The really sad part is that in recent years some urgency was being shown to address this crisis; but recent political events have now led to a domino effect deepening the crisis. Three of the ‘better’ states have now announced free, unmetered power to agriculture and others will be compelled to follow suit. The Central Electricity Act forbidding unmetered power, or realization of less than a minimum tariff has been relegated to the dustbin.
Surely the union government can do better than resort to pious homilies and periodic diktats in the face of this mounting crisis which is bound to have catastrophic consequences. True, every party succumbs to the logic of the ballot box. But inaction is not an option. There are creative and politically least-costly solutions available.
First, farm sector undoubtedly is in distress. But to pretend that free power is the answer is sheer hypocrisy. The real answers lie not in additional subsidy but in increasing capital investment (irrigation and soil conservation), enhancing productivity (technology, extension and inputs), better infrastructure (storage, transport and marketing), and value-addition (agro-processing, grading and packaging). For instance, in AP, already agri-power was heavily subsidized, and the added relief on account of free power was only Rs.400 crores per annum - about 1% of state’s budget! Farm sector deserves ten times more support, but by other means, not by undermining power sector.
Second, agri-power issue should be de-linked from economic tariffs and cost recovery. The issue must be linked to water and power conservation, and energy auditing. Unmetered power (free or with slab tariff) is a recipe for disaster as it encourages high water and power consumption. Precious ground water in dry areas is depleted by indiscriminate use; water-intensive crops are raised by the few lucky farmers who strike water, at the cost of others. There is no incentive to save power, and inefficient pumps and motors and absence of capacitors in many cases are leading to criminal waste of power and environmental damage. Most of all, unmetered power makes energy auditing impossible, and thefts, corruption and gross inefficiencies go unchecked. Metering, free or low-cost power up to a ceiling, graded tariffs linked to consumption, and targeting concessions to dry crops and small farmers are vital and necessary.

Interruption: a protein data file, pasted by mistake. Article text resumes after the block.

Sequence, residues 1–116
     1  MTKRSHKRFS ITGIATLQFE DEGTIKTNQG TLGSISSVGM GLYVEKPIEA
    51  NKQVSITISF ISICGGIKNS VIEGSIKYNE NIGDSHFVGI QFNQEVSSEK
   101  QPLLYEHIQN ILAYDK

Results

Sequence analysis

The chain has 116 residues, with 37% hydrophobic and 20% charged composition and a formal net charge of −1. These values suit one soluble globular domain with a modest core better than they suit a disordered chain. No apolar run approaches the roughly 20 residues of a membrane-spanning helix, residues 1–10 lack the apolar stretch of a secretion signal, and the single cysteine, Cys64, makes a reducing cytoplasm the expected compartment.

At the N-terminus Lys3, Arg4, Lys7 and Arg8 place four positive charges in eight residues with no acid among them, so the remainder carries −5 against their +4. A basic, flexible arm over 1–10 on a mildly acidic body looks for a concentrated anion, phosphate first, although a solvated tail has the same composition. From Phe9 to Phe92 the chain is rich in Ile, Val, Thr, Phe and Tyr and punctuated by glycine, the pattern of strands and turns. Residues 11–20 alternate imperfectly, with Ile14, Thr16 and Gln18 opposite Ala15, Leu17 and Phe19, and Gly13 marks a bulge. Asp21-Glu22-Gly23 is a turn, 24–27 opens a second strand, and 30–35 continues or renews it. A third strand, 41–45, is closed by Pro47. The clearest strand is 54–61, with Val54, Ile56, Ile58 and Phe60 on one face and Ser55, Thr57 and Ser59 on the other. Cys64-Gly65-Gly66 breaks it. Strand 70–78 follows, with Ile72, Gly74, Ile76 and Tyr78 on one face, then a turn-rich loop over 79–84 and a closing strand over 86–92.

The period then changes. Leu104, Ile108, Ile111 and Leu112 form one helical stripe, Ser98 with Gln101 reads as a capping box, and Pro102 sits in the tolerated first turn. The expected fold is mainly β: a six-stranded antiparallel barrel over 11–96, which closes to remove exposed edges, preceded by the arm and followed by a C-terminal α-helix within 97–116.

Finally, the real problem in power sector is distribution management. The 28% T&.D losses (possibly over 30% in several states) must be brought down to 15% or lower. That needs proper metering of all consumers, energy balance at sub-station, feeder and transformer levels, specific local interventions to curb thefts, and investments to stop technical losses. The states no longer have that capacity. We need to decentralize distribution at sub-station and feeder level, and invite local entrepreneurs to manage them through competitive bidding process, giving proper incentives linked to reduction of distribution losses. Local knowledge, profit-motive, and their capacity to manage local, political economy will reverse the vicious cycle. What’s more, a million youngsters can find employment all over India in distribution management, as local monitoring is a low-tech, labour-intensive job.
Once we combine these three strategies, it will be a win-win situation for both agriculture and power sector. What we need is bold leadership and integrated approach to the crisis, not disaggregated, isolated, desultory action; innovation, not shibboleths and business-as-usual; win-win solutions, not zero-sum game. Will our politicians and managers stop dithering and act resolutely?